Domestic Abuse

Home Office written question – answered at on 29 November 2022.

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Photo of Apsana Begum Apsana Begum Labour, Poplar and Limehouse

To ask the Secretary of State for the Home Department, what assessment she has made of adequacy of the treatment victims of coercive control and domestic abuse by the criminal justice system.

Photo of Apsana Begum Apsana Begum Labour, Poplar and Limehouse

To ask the Secretary of State for the Home Department, what steps she is taking to ensure that victims of coercive control and domestic abuse are protected from harassment outside of the home including post separation harassment.

Photo of Chris Philp Chris Philp The Minister of State, Home Department

Our landmark Domestic Abuse Act 2021 is bolstering our response to domestic abuse on every level, strengthening protections for victims whilst also ensuring perpetrators feel the full force of the law. On 30 March this year, we went even further and published the cross-Government Tackling Domestic Abuse Plan. The Plan seeks to transform the whole of society’s response to prevent offending, support victims, pursue perpetrators, and strengthen the systems and processes in place to deliver these goals.

Controlling or coercive behaviour can persist and often increase post-separation – which is why the Domestic Abuse Act amended the offence. This means that it will soon apply to intimate partners, ex-partners or family members, regardless of whether the victim and perpetrator live together. To further assist frontline agencies in identifying, investigating and evidencing such abuse , we are updating the Controlling or Coercive Behaviour Statutory Guidance.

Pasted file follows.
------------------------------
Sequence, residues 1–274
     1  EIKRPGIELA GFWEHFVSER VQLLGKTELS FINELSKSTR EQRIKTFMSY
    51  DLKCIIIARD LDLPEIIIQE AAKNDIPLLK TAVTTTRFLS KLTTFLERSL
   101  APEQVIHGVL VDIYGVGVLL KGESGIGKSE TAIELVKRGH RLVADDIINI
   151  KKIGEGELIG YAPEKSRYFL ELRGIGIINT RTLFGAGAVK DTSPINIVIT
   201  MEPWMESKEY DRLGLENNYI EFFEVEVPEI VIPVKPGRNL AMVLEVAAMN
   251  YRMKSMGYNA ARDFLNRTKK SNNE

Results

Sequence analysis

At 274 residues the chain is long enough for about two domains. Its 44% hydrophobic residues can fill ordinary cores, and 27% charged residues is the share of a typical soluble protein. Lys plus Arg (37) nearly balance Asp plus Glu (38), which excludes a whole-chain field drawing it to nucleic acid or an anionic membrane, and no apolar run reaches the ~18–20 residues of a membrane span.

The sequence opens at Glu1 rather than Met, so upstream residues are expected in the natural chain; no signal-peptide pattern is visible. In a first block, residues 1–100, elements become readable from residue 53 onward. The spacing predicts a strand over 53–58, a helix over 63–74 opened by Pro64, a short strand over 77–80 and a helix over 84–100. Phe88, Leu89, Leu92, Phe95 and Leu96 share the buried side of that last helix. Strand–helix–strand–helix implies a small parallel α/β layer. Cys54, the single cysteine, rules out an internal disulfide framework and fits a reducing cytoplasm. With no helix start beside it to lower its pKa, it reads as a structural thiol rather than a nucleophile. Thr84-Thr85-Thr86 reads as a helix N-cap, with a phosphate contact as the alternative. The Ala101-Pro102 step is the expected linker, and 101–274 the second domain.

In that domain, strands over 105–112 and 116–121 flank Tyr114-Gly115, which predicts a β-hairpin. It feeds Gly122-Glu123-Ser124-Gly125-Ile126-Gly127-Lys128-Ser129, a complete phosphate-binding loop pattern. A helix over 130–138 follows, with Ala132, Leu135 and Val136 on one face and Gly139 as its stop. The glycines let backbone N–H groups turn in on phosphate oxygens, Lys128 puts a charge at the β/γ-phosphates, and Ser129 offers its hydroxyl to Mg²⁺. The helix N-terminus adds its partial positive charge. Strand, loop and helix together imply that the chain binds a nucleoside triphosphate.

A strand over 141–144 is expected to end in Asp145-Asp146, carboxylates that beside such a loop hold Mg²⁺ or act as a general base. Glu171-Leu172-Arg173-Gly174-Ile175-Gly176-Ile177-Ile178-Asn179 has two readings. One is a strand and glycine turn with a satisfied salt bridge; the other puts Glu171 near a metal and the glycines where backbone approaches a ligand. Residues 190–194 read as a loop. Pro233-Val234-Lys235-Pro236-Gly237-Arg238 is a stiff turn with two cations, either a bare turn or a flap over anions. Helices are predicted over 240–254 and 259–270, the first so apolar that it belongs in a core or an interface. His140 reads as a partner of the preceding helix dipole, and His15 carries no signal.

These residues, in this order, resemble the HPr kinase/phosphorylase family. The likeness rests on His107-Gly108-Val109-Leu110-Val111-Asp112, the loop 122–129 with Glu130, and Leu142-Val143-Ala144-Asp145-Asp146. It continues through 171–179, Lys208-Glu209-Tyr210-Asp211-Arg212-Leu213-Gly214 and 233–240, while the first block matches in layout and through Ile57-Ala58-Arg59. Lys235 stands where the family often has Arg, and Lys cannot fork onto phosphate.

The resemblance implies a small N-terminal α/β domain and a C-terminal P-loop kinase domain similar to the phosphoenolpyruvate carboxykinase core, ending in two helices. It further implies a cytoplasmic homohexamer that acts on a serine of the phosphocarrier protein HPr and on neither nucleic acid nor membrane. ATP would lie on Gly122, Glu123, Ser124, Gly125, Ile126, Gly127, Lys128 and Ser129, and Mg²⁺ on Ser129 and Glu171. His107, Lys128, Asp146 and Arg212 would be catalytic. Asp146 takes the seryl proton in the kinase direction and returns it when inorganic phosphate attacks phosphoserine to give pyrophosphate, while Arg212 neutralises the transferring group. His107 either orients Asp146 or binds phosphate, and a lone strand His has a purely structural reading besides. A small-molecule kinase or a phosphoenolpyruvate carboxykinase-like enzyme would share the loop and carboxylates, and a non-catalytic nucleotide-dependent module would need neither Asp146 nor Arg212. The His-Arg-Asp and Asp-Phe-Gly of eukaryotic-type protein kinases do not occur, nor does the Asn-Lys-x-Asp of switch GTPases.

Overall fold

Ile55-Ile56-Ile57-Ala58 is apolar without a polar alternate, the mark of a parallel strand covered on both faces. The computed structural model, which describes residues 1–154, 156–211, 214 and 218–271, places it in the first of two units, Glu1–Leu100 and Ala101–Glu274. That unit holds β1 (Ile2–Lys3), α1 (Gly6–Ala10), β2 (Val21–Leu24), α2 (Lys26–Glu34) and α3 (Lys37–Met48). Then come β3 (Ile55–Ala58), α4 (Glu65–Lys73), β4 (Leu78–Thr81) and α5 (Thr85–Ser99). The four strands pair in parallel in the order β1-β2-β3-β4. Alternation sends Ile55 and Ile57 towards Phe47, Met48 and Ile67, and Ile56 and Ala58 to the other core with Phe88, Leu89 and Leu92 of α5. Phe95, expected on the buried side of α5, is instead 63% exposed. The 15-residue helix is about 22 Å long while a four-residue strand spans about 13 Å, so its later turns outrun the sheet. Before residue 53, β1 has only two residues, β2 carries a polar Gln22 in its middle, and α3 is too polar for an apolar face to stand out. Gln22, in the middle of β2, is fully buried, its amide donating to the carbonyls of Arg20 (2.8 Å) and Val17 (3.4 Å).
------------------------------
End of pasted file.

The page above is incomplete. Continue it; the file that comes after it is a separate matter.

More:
In the Domestic Abuse Act 2021, the Government also legislated for a new Domestic Abuse Protection Notice and Order, to be piloted from Spring 2024, which will go even further in protecting victims from all forms of domestic abuse. This includes making the order available in all courts and making breach a criminal offence. The order will have no minimum or maximum duration and will be able to impose electronic monitoring requirements.

The criminal justice system’s response to domestic abuse continues to improve, and this is reflected in the number of controlling or coercive behaviour offences that have reached a first hearing at a magistrates’ court having increased year on year. From 2016/17– the first year in which controlling or coercive behaviour cases reached this stage of the criminal justice system – to 2017/18, for instance, numbers increased threefold from 309 to 960. The number has since increased to 1,403 in 2020/21.

It is vital that police are able to effectively respond to domestic abuse, which is why controlling or coercive behaviour is covered extensively in the Domestic Abuse Matters training for police, with a 2020 evaluation of the programme showing a 41% increase in arrests for the offence. To strengthen the police response to domestic abuse and controlling or coercive behaviour, in the 2021 Domestic Abuse Plan, we committed up to £3.3m until 2025 to support the further rollout of this training.

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